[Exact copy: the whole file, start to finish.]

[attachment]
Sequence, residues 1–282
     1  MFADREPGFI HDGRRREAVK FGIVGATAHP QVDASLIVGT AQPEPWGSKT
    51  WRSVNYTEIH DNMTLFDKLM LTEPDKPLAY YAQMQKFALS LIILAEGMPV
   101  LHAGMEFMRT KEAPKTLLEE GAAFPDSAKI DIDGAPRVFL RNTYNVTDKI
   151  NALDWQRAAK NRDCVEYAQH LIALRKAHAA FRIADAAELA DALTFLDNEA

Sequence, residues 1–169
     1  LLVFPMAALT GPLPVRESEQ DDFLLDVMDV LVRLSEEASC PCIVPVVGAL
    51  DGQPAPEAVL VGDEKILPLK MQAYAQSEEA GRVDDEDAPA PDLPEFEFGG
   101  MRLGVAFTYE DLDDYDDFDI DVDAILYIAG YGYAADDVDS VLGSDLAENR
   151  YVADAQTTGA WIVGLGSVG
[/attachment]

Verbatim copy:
Sequence, residues 1–282
     1  MFADREPGFI HDGRRREAVK FGIVGATAHP QVDASLIVGT AQPEPWGSKT
    51  WRSVNYTEIH DNMTLFDKLM LTEPDKPLAY YAQMQKFALS LIILAEGMPV
   101  LHAGMEFMRT KEAPKTLLEE GAAFPDSAKI DIDGAPRVFL RNTYNVTDKI
   151  NALDWQRAAK NRDCVEYAQH LIALRKAHAA FRIADAAELA DALTFLDNEA

Sequence, residues 1–169
     1  LLVFPMAALT GPLPVRESEQ DDFLLDVMDV LVRLSEEASC PCIVPVVGAL
    51  DGQPAPEAVL VGDEKILPLK MQAYAQSEEA GRVDDEDAPA PDLPEFEFGG
   101  MRLGVAFTYE DLDDYDDFDI DVDAILYIAG YGYAADDVDS VLGSDLAENR
   151  YVADAQTTGA WIVGLGSVG